Tuesday, October 13, 2009
I think it’s great that Oliver Williamson was awarded the Nobel Prize in Economics with Elinor Ostrom. Williamson’s work in organizational economics and transaction-cost economics goes to the heart of why and how private actors form firms, vertically integrate and pursue acquisition strategies. It’s also the intellectual center of much of what happens in the “Deals” class. Although it’s offered in a law school, the Deals class is not really a “law” class. It’s more like a course in applied organizational economics (for lawyers).
The Nobel Prize citation summarizes some of Williamson’s contributions here:
Although Williamson’s main contribution was to formulate a theory of vertical integration, the broader message is that different kinds of transactions call for different governance structures. More specifically, the optimal choice of governance mechanism is affected by asset specificity. Among the many other applications of this general idea, ranging from theories of marriage (Pollak, 1985) to theories of regulation (Goldberg, 1976), one has turned out to be particularly important, namely corporate finance.
Williamson (1988) notes that the choice between equity and debt contracts closely resembles the choice between vertical integration and separation. Shareholders and creditors not only receive different cash flows, but have completely different bundles of rights. For example, consider the relationship between an entrepreneur and different outside investors. One class of investors, creditors, usually do not acquire control rights unless the entrepreneur defaults, whereas another class of investors, stockholders, typically have considerable control rights when the entrepreneur is not in default. Williamson suggests that non-specific assets, which can be redeployed at low cost, are well suited for debt finance. After a default, creditors can simply seize these assets from the entrepreneur. Specific assets on the other hand are less well suited for debt finance, because control rights lose their value if they are redeployed outside the relationship.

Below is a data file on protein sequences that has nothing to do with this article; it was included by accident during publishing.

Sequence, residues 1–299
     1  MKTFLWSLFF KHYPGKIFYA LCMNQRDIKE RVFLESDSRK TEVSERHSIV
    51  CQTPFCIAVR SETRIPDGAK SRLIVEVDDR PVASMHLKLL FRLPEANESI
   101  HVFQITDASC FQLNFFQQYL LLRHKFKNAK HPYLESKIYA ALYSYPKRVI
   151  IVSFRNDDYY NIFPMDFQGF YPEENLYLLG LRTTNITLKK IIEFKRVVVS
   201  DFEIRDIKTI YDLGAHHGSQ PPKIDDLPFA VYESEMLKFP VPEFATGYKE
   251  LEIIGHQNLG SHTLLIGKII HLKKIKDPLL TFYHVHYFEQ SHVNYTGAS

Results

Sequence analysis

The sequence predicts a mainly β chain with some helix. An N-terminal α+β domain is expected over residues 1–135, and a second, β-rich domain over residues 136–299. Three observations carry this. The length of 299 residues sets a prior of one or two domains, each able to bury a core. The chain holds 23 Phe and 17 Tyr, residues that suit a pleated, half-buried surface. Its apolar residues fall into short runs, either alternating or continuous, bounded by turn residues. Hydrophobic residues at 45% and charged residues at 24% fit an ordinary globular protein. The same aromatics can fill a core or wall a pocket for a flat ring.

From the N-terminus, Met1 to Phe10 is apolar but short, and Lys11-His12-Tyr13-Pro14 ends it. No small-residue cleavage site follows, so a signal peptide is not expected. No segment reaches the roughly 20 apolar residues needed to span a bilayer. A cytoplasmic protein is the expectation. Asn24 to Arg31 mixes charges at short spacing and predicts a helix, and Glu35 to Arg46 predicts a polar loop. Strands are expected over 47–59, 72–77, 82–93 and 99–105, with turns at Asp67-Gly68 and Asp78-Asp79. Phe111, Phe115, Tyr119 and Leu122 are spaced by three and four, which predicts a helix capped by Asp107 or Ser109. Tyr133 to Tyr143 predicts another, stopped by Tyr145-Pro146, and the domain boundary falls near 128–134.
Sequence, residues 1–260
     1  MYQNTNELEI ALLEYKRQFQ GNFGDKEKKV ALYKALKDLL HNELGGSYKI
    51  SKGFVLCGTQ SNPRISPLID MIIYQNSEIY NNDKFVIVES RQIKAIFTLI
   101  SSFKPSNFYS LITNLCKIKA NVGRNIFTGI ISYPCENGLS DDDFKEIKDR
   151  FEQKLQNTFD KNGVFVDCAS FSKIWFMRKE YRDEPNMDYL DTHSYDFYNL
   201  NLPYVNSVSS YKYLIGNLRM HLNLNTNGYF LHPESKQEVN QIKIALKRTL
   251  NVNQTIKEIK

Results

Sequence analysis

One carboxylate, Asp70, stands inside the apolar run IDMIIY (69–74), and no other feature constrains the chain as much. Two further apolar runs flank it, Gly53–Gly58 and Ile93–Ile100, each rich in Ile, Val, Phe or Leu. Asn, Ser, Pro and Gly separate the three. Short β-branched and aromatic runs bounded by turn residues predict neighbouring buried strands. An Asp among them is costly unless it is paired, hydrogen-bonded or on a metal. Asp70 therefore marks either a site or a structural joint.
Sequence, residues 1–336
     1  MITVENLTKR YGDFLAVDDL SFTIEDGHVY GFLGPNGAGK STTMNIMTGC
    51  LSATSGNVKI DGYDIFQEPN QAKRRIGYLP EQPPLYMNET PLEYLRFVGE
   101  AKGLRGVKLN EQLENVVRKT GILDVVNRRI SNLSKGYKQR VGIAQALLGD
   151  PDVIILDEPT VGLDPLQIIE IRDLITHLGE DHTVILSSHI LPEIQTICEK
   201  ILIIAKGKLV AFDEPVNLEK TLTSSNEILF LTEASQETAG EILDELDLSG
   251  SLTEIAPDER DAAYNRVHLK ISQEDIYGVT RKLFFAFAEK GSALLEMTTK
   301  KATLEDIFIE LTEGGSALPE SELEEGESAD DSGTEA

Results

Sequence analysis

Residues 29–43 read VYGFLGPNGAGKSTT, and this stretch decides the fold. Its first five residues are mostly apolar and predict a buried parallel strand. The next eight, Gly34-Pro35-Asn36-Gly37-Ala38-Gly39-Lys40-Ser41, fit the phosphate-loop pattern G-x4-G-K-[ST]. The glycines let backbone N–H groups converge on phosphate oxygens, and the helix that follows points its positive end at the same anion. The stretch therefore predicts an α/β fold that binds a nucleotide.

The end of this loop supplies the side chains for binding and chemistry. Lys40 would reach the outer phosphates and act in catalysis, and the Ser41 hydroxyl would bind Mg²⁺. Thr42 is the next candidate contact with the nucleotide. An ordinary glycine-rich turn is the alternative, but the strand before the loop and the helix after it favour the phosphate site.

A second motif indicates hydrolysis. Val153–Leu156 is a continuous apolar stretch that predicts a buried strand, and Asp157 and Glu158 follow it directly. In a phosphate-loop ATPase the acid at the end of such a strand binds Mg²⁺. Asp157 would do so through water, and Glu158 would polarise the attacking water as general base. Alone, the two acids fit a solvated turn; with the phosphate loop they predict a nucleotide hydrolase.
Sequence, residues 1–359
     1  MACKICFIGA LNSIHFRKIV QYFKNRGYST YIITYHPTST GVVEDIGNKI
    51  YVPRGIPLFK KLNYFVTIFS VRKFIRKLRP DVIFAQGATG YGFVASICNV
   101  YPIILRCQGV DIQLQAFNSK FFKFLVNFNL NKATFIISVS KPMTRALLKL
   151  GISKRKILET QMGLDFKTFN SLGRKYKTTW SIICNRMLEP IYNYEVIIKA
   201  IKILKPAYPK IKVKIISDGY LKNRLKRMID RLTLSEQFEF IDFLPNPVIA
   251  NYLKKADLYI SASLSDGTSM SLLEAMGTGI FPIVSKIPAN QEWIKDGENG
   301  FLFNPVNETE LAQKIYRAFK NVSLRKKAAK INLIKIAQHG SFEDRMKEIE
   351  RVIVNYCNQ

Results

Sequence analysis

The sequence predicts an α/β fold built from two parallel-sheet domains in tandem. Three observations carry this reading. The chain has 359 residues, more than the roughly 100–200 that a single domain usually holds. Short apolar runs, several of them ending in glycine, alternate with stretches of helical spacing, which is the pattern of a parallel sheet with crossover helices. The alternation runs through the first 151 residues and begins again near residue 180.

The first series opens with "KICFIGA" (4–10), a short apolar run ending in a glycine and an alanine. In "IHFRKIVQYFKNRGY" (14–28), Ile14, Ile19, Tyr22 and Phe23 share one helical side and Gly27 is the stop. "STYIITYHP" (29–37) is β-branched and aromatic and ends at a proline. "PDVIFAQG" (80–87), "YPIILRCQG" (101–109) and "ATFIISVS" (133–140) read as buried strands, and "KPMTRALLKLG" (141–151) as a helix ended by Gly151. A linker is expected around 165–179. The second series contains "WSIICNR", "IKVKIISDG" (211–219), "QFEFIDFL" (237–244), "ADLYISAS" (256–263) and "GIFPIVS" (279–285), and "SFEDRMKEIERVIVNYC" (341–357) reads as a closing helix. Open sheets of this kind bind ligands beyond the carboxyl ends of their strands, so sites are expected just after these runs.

Williamson’s work along is critical to thinking about how and why market participants undertake deals and the structures they adopt. In particular, his insights into the importance of asset specificity, opportunism and the hold-up problem to investment decisions is critical to thinking about structuring transactions and private ordering.
His books, Mechanisms of Governance as well as The Economic Institutions of Capitalism, are dog-eared and kept close at hand. In addition, Corporate Finance and Corporate Governance (J. Fin., 1988) is an excellent application of his ideas to corporate finance and the problem of organizing firms.
All in all, good choice.